Why are ants different sizes?
A leafcutter ant colony from Trinidad has been rescued and re-housed in a giant manmade nest in the UK allowing an in-depth study into their normally hidden world. It’s the first time a manmade colony has been built on this scale and Professor Adam Hart gives four primary school scientists a tour.
The young scientists are keen to find out why ants are different sizes. Dr George McGavin explains how the ant colony is organised into different types of ants, known as castes. Each castes is a different shape and size and has a special job to do. The soldier ants are big with huge mandibles that are used for defending the nest and carrying large objects. The smaller media ants collect leaves and take them back to the colony. The smallest ants, called minima, use the leaves brought back to the colony to farm fungus. Minima ants are the most numerous, so they are also tasked with looking after the young in the colony. The colony is very organised and each caste of ant has its own special job so that the ant community can survive.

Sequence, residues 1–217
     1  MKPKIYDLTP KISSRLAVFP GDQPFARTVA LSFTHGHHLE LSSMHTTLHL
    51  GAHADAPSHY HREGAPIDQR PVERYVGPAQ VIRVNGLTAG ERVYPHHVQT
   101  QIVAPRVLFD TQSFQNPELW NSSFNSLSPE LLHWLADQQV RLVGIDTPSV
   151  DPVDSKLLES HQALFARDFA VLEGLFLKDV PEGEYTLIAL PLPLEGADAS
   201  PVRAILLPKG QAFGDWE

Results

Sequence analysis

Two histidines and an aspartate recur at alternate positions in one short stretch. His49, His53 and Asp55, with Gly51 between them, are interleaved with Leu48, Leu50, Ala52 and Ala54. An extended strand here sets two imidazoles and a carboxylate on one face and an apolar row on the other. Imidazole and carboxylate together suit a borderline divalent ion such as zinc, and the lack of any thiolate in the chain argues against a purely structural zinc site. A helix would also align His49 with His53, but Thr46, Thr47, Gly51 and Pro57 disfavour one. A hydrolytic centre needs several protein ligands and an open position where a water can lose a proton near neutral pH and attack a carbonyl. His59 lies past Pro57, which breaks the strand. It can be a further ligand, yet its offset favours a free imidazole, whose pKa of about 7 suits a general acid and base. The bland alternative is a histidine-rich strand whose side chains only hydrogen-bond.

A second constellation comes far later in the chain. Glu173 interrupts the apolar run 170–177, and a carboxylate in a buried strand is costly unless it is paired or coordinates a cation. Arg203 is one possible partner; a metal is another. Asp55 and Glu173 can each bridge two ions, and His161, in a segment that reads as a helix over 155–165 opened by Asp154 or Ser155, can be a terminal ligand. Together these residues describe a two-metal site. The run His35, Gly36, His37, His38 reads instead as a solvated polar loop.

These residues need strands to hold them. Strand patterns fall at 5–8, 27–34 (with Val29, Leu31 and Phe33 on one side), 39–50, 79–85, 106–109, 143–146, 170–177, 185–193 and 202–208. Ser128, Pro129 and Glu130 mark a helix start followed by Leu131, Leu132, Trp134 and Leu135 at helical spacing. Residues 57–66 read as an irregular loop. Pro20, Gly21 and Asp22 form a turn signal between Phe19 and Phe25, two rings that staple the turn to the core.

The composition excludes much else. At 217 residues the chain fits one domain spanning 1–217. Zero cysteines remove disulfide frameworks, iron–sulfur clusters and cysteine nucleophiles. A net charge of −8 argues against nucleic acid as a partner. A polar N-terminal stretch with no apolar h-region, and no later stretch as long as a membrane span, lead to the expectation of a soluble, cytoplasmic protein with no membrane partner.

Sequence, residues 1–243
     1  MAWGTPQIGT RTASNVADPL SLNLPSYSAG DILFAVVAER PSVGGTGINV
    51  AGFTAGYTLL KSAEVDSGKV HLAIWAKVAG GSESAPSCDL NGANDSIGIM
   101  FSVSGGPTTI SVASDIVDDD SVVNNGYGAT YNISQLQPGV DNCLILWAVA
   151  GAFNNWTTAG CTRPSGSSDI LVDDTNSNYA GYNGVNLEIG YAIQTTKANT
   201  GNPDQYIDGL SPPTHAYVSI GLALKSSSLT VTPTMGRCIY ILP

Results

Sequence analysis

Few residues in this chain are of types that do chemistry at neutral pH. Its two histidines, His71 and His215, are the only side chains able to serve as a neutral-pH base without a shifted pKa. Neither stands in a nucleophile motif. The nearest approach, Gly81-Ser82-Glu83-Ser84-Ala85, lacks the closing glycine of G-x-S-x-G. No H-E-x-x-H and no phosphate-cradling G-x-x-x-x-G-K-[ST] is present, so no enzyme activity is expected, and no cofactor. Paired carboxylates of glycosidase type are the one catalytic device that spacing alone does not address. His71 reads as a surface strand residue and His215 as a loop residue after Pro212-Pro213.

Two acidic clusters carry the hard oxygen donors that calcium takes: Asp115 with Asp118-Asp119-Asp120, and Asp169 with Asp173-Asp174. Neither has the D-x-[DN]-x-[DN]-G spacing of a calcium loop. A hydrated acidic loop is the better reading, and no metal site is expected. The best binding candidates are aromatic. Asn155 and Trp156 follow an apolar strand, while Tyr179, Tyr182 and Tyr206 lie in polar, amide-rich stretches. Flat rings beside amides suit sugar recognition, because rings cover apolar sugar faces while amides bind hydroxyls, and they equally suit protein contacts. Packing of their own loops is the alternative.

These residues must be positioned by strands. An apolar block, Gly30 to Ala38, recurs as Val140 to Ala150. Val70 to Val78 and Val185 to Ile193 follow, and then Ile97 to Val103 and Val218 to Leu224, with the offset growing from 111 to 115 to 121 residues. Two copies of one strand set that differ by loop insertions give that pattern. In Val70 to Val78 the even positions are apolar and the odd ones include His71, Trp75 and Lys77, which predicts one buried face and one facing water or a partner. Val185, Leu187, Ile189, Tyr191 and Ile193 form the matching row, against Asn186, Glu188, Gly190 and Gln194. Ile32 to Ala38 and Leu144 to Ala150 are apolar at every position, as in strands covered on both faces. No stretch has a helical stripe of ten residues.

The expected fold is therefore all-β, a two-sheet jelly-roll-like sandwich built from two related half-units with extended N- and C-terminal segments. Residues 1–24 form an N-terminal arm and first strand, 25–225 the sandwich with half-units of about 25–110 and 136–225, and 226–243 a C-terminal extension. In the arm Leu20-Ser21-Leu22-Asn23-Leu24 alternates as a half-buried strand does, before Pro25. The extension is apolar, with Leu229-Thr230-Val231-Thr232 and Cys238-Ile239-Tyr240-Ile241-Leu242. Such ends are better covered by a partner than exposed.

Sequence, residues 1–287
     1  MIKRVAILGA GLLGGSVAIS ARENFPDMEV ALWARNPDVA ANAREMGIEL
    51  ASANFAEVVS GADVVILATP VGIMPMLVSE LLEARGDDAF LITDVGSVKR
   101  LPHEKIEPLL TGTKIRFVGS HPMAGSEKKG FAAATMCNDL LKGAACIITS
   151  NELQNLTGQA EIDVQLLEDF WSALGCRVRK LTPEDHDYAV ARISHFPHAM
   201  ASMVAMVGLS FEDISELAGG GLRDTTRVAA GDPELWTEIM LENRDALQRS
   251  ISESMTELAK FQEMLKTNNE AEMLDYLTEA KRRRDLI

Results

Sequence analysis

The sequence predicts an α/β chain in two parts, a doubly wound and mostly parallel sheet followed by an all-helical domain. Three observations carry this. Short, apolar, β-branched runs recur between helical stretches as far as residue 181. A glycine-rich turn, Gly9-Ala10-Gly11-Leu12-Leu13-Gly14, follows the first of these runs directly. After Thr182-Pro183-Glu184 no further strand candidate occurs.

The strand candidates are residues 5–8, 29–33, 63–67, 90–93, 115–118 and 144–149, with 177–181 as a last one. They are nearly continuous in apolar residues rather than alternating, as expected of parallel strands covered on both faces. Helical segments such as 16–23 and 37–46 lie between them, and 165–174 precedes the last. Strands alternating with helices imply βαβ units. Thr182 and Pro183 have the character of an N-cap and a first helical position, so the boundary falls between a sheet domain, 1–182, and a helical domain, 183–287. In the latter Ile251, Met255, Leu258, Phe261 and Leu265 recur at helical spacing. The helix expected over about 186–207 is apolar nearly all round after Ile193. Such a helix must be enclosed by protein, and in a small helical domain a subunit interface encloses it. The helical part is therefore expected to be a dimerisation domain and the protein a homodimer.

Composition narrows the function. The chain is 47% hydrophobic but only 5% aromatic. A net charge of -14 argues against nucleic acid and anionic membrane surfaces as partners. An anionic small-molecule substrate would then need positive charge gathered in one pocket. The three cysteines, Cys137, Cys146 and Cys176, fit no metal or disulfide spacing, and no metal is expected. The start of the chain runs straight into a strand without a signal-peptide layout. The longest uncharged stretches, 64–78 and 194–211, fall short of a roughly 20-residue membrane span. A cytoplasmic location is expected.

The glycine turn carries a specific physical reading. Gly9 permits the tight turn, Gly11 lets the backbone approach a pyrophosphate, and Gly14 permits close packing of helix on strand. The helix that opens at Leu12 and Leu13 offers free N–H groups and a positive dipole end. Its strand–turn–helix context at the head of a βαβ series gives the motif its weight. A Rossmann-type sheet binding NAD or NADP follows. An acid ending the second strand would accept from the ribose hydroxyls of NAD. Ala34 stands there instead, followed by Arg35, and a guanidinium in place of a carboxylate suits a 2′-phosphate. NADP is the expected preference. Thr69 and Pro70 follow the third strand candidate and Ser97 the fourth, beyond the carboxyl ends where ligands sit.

Back in the lab, the young scientists focus on the ants in their own colony in more detail, by sketching them. They note the characteristics of an insect, including three different parts of the body: the head, thorax (which has the 6 legs) and abdomen.
Available since: Tue 2 Apr 2013